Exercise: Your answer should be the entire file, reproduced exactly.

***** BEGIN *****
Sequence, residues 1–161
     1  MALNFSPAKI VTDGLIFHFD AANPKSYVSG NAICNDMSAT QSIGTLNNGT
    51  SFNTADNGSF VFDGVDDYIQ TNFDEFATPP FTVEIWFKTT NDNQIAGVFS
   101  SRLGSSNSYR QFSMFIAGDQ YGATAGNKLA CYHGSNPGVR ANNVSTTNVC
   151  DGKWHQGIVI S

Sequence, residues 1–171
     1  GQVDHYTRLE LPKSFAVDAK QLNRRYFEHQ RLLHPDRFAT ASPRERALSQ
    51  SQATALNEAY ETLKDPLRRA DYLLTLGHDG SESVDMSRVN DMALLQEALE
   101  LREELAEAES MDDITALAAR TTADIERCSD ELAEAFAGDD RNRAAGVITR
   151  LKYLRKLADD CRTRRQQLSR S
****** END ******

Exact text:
Sequence, residues 1–161
     1  MALNFSPAKI VTDGLIFHFD AANPKSYVSG NAICNDMSAT QSIGTLNNGT
    51  SFNTADNGSF VFDGVDDYIQ TNFDEFATPP FTVEIWFKTT NDNQIAGVFS
   101  SRLGSSNSYR QFSMFIAGDQ YGATAGNKLA CYHGSNPGVR ANNVSTTNVC
   151  DGKWHQGIVI S

Sequence, residues 1–171
     1  GQVDHYTRLE LPKSFAVDAK QLNRRYFEHQ RLLHPDRFAT ASPRERALSQ
    51  SQATALNEAY ETLKDPLRRA DYLLTLGHDG SESVDMSRVN DMALLQEALE
   101  LREELAEAES MDDITALAAR TTADIERCSD ELAEAFAGDD RNRAAGVITR
   151  LKYLRKLADD CRTRRQQLSR S